GERD tied to temporomandibular disorder
Symptomatic gastroesophageal reflux disease (GERD) is associated with chronic, painful temporomandibular disorder (TMD), with somatization, anxiety, and poor sleep influencing this association to a certain extent, a case-control study has shown.
A total of 1,522 chronic TMD patients (69 percent female) were matched against 1,522 controls without TMD. Of these, 132 patients and 61 controls had GERD. More than half of TMD patients reported having both myalgia and arthralgia (56 percent), while the rest either had myalgia or arthralgia only (32 percent and 12 percent, respectively). [CMAJ 2019;191:E909-915]
After adjusting for potential confounders*, conditional logistic regression analysis showed GERD to be a risk factor for TMD (odds ratio [OR], 2.74, 95 percent confidence interval [CI], 1.88–3.98). A longer history of GERD equated to a slightly higher risk for TMD compared with a shorter GERD duration (OR, 2.90, 95 percent CI, 1.80–4.69 and OR, 2.53, 95 percent CI, 1.47–4.35 for >5 and ≤5 years, respectively).
This association could be attributed to the oesophageal acidification in GERD, as this may increase masticatory muscle activity, noted the researchers. Unconscious movements such as sleep bruxism may ensue, consequently generating stress on the TM joint. [J Dent Res 2011;90:665-671; J Oral Rehabil 2014;41:423-431] “Oesophageal acidification may also sensitize the central nervous system to sensory and pain pathways, resulting in declined pain thresholds in other organs,” they added.
Mediation analyses identified somatization, anxiety, and undermined sleep as factors that moderately mediated the association between TMD and GERD (by 14, 11, and 10 percent, respectively). These results coincide with previous findings reflecting the impact of psychological factors and somatic symptoms on GERD and TMD. [J Oral Maxillofac Surg 2010;68:1560-1564; J Pain 2013;14:T75-90]
Despite evidence showing the association between TMD and gastrointestinal (GI) disorders, [BMJ 2015;350:h1154; Gastroenterology 2002;122:1140-1156] clinicians and patients at times overlook the symptoms, explained the researchers. “[This leads to] underdiagnosis, resulting in deferred effective treatment and a prolonged disease course,” they said.
Evaluating the strength of the association and showing potential mediators in the pathway add key information to existing literature and should prompt further research to elucidate potential underlying mechanisms that could better characterize the link between GERD and TMD, said the researchers.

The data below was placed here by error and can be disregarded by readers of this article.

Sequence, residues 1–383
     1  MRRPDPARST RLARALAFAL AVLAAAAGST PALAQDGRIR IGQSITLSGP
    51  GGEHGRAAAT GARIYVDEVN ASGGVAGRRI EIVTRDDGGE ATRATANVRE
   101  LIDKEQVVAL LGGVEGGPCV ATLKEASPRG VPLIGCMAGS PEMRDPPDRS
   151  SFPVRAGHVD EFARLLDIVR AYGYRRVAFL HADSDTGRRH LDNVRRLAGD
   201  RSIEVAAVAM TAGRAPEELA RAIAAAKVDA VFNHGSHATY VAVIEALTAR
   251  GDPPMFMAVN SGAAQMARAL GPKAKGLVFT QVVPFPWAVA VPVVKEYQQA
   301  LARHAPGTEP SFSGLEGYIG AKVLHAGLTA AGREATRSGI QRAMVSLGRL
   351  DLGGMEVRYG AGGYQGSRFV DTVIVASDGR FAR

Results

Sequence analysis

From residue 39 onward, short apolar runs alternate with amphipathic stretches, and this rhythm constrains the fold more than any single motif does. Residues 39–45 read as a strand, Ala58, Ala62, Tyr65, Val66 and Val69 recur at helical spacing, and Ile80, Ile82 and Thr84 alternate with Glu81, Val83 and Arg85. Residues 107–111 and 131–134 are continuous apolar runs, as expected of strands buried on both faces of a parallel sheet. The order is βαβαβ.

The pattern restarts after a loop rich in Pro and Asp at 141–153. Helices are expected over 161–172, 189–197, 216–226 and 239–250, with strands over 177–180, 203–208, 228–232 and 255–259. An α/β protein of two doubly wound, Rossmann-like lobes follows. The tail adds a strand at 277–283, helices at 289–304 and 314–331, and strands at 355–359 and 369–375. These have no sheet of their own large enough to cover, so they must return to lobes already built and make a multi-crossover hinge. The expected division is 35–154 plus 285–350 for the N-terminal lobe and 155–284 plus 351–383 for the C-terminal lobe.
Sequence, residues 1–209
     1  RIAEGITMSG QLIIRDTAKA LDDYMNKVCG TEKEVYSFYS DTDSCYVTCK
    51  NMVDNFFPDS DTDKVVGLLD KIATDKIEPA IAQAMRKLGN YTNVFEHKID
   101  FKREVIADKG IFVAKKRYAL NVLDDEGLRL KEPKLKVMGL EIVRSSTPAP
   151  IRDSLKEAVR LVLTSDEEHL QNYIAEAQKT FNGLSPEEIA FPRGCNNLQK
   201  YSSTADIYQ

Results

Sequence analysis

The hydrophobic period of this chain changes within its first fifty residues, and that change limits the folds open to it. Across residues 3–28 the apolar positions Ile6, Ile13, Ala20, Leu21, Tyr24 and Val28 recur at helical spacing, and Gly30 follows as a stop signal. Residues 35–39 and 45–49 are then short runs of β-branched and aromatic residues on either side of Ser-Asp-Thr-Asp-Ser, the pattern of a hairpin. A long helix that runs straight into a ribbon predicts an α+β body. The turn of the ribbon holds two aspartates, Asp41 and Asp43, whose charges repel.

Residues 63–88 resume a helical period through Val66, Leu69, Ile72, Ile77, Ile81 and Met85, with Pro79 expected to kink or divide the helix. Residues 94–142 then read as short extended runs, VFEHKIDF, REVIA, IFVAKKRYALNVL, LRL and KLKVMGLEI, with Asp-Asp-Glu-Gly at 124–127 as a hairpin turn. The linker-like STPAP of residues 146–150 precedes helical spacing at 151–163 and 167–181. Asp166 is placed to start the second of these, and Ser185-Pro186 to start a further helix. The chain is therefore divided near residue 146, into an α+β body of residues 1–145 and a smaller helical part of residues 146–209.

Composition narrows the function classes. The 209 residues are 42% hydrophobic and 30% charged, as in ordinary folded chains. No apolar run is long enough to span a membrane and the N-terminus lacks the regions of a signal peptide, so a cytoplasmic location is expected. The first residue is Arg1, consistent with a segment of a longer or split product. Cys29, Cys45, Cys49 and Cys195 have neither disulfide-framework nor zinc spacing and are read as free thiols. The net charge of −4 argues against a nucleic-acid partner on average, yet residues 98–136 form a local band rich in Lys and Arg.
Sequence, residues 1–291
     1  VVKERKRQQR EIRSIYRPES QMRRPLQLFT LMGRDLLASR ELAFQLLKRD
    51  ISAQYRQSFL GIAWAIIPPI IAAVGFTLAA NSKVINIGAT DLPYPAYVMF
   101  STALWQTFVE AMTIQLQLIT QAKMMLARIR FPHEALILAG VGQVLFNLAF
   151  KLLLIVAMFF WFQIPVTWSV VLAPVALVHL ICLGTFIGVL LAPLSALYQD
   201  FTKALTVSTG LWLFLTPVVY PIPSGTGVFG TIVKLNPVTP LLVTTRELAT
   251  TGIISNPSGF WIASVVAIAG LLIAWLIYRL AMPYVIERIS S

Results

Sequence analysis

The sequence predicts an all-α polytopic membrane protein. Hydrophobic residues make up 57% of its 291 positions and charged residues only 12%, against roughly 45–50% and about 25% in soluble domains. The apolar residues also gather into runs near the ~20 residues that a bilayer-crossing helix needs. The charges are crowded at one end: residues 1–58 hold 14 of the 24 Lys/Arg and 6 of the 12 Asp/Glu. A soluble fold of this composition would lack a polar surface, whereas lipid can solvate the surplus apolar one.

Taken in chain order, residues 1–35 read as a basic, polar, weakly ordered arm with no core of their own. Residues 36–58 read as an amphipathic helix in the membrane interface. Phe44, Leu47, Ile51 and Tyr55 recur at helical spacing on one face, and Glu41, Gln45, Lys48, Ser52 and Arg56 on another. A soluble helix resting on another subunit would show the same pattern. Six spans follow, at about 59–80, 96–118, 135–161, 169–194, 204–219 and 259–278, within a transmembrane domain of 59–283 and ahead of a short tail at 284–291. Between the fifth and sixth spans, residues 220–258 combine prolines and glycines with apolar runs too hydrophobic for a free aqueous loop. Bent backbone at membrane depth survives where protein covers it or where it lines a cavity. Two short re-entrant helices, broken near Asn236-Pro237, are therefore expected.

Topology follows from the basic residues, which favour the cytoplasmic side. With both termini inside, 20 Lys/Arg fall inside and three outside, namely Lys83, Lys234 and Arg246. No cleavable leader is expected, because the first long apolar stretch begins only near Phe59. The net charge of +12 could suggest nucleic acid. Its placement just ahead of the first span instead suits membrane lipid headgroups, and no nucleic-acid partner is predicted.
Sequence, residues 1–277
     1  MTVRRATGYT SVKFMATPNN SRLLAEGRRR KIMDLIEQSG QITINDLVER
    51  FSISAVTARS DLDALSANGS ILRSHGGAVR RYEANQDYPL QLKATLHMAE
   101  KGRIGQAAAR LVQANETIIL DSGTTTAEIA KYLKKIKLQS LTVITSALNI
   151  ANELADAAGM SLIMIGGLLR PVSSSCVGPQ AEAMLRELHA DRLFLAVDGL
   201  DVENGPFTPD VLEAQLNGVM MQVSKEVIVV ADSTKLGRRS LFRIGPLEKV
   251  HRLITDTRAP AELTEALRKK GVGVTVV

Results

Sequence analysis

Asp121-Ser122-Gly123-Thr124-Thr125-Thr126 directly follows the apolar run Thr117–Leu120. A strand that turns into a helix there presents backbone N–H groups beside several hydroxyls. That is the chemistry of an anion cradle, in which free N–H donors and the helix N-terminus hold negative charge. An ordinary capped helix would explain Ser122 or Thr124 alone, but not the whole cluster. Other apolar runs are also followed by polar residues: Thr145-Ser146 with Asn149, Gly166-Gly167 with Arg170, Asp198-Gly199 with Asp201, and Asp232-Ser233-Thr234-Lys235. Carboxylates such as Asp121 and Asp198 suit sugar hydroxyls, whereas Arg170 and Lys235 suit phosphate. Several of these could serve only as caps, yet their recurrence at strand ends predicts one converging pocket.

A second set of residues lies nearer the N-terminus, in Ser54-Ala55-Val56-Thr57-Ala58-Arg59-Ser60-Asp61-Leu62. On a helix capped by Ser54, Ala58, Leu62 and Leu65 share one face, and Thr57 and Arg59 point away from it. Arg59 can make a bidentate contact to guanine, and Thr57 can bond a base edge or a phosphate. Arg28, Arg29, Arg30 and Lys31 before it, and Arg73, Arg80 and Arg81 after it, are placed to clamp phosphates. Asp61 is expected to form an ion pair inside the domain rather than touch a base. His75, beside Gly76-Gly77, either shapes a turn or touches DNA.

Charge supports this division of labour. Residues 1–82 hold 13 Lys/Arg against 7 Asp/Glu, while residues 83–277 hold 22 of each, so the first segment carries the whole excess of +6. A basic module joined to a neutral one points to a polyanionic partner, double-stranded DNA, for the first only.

The chicken or the egg?
“[While] there is evidence to support the bidirectional nature of the associations between chronic musculoskeletal, gastrointestinal, mental, and sleep disorders … the interactions among these comorbidities are complicated,” said the researchers. [BMJ 2013;346:f3146] On one hand, the mediators identified could be the factors causing or exacerbating pain; on the other, it could be reverse, they pointed out, highlighting the importance of establishing causation in future trials.
Depression has been linked to TMD in Western populations but not among Asians. [Neurogastroenterol Motil 2012;24:895-913; J Orofac Pain 2003;17:21-28] “This may be partially explained by the more reserved nature of Asians when [discussing] depression compared with Westerners,” they said. Therefore, the lack of association between depression and TMD in the study could have undermined the effect of psychological mediators hence the need for further exploration, they added.
Taken together, it is imperative to incorporate evaluation and management of GI symptoms and mental disorders in symptomatic TMD therapy, the researchers suggested. A multidisciplinary approach (eg, psychotherapy targeting the brain-gut axis) may be beneficial in addressing the symptoms of GERD and TMD, as well as the influence of the identified mediators. [Am Psychol 2014;69:119-130; J Pain 2018;19:837-851; Gastroenterology 2018;154:1249-1257]